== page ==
I often get asked about instructional design models, so I thought I would throw together a post to run through the basics of some of the more common models out there.
There are several instructional design models that are commonly used in education and training. The choice of model depends on various factors such as the nature of the content, the target audience, and the goals of the instructional program.
Here are some of the most popular instructional design models:
- ADDIE Model: ADDIE stands for Analysis, Design, Development, Implementation, and Evaluation. It is a systematic and iterative process that guides the creation of effective instructional materials.
- Dick and Carey Model: This model emphasizes systematic instructional design through a series of nine elements, including identifying instructional goals, conducting instructional analysis, and developing instructional materials.
- SAM Model (Successive Approximation Model): SAM is an agile instructional design model that involves iterative cycles of design, development, and evaluation. It emphasizes rapid prototyping and stakeholder collaboration.
- Merrill’s Principles of Instruction: This model focuses on five principles: activation, demonstration, application, integration, and testing. It promotes an active and learner-centered approach to instruction.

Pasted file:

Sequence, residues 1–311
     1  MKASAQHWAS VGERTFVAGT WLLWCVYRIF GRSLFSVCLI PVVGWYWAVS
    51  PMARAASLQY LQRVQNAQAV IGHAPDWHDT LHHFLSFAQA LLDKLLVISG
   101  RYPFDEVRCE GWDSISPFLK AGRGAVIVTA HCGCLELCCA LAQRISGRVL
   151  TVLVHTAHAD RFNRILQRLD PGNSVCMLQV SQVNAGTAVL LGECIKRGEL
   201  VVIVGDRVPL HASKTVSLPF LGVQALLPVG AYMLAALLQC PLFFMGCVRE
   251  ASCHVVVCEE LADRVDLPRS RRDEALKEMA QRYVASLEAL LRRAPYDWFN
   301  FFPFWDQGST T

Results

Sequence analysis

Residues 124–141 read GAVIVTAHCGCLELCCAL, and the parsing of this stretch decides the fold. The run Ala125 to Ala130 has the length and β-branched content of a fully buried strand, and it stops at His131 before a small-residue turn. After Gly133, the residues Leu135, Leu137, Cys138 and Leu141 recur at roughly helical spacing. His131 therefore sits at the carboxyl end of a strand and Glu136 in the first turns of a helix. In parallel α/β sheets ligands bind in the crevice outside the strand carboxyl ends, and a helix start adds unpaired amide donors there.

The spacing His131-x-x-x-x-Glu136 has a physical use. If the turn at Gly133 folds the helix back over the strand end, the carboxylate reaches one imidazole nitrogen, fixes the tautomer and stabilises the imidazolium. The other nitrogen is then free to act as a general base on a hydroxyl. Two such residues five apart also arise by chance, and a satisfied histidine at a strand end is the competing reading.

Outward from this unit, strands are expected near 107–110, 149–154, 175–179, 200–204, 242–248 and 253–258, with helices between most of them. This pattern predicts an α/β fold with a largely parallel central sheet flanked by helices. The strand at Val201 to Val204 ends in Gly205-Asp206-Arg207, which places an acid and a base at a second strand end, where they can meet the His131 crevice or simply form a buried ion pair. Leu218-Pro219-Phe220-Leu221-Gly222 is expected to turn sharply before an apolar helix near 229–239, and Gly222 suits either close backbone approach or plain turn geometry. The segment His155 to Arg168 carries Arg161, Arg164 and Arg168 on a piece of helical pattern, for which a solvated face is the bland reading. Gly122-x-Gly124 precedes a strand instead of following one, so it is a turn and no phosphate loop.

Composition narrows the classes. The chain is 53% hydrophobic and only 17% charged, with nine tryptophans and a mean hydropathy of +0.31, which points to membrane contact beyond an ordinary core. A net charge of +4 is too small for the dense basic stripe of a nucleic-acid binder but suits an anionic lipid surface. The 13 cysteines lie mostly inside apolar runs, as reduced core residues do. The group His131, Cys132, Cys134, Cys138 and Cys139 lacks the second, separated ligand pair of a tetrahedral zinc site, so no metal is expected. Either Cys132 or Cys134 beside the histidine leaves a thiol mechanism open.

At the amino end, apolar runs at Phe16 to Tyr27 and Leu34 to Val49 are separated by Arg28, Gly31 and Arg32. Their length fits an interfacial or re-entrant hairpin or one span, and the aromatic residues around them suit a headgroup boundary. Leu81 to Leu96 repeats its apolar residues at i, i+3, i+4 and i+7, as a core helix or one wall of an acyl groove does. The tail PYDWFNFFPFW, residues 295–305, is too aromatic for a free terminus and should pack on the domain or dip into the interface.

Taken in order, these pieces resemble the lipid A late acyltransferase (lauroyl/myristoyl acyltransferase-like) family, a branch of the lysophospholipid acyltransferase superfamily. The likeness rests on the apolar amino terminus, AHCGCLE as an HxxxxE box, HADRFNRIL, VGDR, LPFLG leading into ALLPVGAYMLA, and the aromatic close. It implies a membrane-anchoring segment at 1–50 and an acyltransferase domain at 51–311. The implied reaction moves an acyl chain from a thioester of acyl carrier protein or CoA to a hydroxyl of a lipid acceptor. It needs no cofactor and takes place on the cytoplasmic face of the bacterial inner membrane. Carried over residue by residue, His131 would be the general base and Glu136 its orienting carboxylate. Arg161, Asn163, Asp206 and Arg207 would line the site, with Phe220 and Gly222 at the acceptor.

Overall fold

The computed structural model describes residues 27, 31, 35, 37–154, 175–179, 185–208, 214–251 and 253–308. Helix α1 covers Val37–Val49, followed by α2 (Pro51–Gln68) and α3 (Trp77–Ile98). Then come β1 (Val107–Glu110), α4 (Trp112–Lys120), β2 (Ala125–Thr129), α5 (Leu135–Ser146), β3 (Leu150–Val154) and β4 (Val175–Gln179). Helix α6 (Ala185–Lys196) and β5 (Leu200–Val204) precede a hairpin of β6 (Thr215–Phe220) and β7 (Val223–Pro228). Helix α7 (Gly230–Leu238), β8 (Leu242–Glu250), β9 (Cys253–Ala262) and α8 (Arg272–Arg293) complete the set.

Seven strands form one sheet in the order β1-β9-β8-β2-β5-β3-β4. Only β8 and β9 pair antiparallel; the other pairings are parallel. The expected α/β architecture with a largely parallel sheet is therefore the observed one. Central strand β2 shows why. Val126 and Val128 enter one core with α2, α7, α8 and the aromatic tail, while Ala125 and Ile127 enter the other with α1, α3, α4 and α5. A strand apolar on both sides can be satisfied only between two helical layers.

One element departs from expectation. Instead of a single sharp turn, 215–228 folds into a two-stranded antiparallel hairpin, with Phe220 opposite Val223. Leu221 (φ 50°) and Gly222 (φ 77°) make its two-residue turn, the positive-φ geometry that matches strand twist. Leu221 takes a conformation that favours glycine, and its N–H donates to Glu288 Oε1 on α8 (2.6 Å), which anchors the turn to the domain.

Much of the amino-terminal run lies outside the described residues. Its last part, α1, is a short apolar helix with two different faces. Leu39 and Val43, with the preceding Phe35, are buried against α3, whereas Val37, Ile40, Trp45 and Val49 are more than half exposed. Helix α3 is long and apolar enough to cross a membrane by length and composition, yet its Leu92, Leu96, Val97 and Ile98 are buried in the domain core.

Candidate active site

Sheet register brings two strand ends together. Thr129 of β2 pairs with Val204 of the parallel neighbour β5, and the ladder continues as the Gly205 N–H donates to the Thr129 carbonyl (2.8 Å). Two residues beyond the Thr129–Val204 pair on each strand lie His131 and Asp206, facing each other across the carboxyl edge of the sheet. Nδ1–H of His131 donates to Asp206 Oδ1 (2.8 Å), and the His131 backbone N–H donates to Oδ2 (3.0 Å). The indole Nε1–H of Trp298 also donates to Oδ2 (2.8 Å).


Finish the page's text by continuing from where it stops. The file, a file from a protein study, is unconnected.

- Gagne’s Nine Events of Instruction: This model provides a series of nine steps that instructional designers can follow to create effective learning experiences. It includes elements such as gaining attention, providing guidance, and assessing performance.
- Bloom’s Taxonomy: Although not a traditional instructional design model, Bloom’s Taxonomy is widely used to classify and organize learning objectives. It categorizes cognitive skills into six levels, ranging from simple recall to complex analysis and evaluation.
- Rapid Prototyping: This approach emphasizes quick design iterations and feedback. It involves creating a basic prototype, testing it with learners, and refining the instructional materials based on feedback.
- Kemp’s Instructional Design Model: This model includes nine components, including learner analysis, task analysis, and assessment instruments. It provides a comprehensive framework for instructional design.
- Action Mapping: This model, developed by Cathy Moore, focuses on aligning instructional design with real-world performance. It involves identifying performance goals, analyzing the learners’ needs, and designing activities that directly support those goals.
It’s important to note that instructional design models are not necessarily mutually exclusive, and many designers adapt and combine elements from multiple models based on their specific needs and contexts. Over time I am going to look to add more detailed articles for each, so keep a look out for those!